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Journal Information

Online ISSN
1305-3124

Established
1993

Editors-in-Chief
​Cihat Şen, ​Nicola Volpe

Editors
Daniel Rolnik, Mar Gil, Murat Yayla, Oluş Api

Statistics Editor
Resul Arısoy

Article info

Prenatal exencephaly diagnosis at first trimester: a case report. Perinatal Journal 2014;22(3):SE50 DOI: 10.2399/prn.14.S001084

Author(s) Information

Süreyya Demir1,
Bülent Demir1,
Lale Vuslat Bakır1,
Gülser Bingöl1,
Sahra Çavuşoğlu1,
Mehmet Nafi Sakar2,
Deniz Balsak2

  1. T.C. Sağlık Bakanlığı Haseki Eğitim ve Araştırma Hastanesi Kadın Hastalıkları ve Doğum Kliniği- İstanbul TR
  2. Diyarbakır Kadın-Doğum ve Çocuk Hastalıkları Hastanesi- Diyarbakır TR
Correspondence

Süreyya Demir, T.C. Sağlık Bakanlığı Haseki Eğitim ve Araştırma Hastanesi Kadın Hastalıkları ve Doğum Kliniği- İstanbul TR,

Publication History
Conflicts of Interest

No conflicts declared.

Objective
Neural tube defects are the second most frequent congenital anomalies after cardiac anomalies. Its prevalence has been reported as 3/1000 in a study carried out in Turkey. Since ultrasonography is a common practice, the diagnosis can be established mostly at first trimester.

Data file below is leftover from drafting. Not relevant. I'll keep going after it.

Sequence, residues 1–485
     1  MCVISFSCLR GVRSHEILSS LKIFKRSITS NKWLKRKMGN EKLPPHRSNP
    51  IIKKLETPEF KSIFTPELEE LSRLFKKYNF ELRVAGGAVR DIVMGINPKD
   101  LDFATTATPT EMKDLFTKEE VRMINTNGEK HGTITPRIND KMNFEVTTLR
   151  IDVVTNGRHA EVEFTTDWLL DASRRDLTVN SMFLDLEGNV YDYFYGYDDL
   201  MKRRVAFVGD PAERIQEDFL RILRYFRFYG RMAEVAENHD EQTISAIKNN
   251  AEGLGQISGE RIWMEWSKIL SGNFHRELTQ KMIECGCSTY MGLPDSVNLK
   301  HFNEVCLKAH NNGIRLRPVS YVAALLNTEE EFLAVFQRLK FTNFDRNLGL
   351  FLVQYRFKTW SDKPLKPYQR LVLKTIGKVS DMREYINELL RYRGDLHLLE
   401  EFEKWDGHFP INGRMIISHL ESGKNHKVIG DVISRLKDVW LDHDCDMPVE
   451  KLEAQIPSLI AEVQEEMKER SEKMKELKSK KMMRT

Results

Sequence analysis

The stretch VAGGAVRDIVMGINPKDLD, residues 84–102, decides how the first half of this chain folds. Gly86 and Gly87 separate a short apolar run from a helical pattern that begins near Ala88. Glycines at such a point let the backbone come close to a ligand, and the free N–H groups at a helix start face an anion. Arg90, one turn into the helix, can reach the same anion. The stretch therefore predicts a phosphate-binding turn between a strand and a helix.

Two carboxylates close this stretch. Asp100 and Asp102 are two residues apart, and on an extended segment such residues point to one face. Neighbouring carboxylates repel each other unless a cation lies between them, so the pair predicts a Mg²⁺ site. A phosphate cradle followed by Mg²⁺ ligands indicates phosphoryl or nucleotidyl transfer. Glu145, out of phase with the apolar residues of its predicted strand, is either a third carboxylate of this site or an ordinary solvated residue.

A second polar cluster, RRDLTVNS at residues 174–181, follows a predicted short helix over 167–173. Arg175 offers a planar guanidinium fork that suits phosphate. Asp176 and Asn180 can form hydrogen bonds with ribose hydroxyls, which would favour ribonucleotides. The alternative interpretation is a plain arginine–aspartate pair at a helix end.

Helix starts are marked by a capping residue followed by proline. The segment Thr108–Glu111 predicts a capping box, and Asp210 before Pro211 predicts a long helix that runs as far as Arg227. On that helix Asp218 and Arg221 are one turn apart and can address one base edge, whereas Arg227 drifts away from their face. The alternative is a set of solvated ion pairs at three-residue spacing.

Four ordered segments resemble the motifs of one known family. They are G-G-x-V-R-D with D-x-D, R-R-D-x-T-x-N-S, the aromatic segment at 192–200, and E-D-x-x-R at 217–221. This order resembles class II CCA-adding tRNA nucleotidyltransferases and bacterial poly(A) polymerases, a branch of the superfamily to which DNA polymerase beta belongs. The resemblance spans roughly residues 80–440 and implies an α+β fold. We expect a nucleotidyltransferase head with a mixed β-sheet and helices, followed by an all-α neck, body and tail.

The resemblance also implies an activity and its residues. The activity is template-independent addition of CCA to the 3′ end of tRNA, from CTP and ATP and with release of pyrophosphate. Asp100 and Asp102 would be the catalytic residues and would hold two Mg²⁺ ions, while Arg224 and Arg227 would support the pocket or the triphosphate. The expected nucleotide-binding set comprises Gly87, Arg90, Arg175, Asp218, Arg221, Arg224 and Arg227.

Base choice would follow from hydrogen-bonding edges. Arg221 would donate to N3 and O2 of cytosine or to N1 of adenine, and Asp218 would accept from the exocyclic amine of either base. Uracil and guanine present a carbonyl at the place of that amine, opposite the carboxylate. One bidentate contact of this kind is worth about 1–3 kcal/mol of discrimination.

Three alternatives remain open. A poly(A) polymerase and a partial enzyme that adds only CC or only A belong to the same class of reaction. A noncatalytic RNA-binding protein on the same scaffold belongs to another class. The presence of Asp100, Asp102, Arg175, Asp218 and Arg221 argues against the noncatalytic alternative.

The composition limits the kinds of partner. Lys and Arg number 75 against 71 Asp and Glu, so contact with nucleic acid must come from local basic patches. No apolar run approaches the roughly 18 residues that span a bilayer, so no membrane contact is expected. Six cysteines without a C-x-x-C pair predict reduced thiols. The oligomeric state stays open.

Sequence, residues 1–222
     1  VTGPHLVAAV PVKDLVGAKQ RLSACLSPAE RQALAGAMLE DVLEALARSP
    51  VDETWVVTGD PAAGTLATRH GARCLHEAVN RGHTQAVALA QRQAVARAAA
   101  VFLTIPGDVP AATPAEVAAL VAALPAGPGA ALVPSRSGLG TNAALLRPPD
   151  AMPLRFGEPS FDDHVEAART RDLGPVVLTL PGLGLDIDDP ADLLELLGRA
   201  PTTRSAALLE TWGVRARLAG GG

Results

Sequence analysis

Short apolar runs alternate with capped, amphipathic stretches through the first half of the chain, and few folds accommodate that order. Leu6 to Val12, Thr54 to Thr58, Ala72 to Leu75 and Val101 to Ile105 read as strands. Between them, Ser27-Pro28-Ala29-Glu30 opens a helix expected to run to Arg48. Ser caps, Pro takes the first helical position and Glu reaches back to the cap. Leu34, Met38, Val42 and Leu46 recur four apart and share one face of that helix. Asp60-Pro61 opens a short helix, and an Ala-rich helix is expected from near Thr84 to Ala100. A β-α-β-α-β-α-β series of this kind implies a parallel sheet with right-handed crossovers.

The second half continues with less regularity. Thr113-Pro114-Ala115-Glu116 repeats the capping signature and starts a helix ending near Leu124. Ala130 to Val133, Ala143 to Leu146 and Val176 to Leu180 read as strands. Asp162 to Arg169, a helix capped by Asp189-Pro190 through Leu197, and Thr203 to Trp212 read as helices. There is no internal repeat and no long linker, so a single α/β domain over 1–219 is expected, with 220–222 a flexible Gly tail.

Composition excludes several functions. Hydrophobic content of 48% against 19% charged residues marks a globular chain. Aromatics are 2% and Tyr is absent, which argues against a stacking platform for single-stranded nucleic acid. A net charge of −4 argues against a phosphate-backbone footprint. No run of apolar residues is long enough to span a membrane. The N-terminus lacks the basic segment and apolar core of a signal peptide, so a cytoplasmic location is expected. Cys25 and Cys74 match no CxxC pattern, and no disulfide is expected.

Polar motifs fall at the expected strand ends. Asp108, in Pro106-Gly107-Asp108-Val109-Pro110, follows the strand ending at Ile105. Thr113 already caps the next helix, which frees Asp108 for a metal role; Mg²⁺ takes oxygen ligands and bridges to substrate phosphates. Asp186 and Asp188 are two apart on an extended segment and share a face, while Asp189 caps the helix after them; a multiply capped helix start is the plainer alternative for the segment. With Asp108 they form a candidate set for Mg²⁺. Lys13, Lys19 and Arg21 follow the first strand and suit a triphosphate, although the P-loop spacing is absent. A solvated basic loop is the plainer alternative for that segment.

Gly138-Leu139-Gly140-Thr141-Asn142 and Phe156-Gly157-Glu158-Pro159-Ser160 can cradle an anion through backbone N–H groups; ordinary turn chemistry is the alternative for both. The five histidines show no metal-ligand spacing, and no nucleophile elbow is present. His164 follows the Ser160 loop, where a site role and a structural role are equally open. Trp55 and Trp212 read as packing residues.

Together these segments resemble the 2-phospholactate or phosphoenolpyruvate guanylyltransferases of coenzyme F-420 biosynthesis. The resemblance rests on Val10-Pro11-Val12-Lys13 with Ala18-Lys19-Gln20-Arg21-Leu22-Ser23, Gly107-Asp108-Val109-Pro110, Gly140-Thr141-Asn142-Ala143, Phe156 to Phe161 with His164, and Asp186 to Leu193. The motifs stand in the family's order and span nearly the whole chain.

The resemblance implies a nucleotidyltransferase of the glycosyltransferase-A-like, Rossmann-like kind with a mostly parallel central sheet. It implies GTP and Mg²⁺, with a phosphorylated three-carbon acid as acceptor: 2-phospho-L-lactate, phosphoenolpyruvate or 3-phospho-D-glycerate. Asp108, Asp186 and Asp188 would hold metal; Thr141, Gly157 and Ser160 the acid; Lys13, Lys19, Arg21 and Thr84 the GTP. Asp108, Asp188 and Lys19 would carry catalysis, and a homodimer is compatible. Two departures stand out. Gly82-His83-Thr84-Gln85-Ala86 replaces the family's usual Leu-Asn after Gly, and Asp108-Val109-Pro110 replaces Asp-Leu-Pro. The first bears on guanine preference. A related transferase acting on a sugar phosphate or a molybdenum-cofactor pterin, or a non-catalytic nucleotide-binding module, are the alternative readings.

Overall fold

Case(s)
The case was 38 years old and G7, P6, A0 and Y6, and her first trimester fetal US revealed live single pregnancy compatible with CRL 14 weeks. Exencephaly diagnosis was established when it was observed that cranium’s integrity was lost and brain tissue had an irregular appearance on the region where fetal head developed. No other anomaly was detected in the fetus. There were no characteristics in her medical history or drug use (she did not use folic acid). She had nothing in her family history. The parent was informed in detail about the anomaly. The parent decided termination. The pregnancy was terminated at a tertiary center.
Conclusion 
Although anencephaly is defined as the deficiency or absence of the development of brain tissue, it starts as exencephaly (defective development of cranium, Mickey Mouse appearance) or acrania (absence of cranium) and brain tissue contacts directly with amniotic fluid as the week of gestation increases. Cranial bones ossify as of 10 weeks of gestation and they can be seen in the ultrasonography beginning from 11 weeks of gestation. Since anencephaly has fatal outcomes, diagnosing in the fetal ultrasonography examination at first trimester allows parents to have termination option and helps to decrease possible trauma on parents.
Keywords

First trimester, Exencephaly, Prenatal Diagnosis.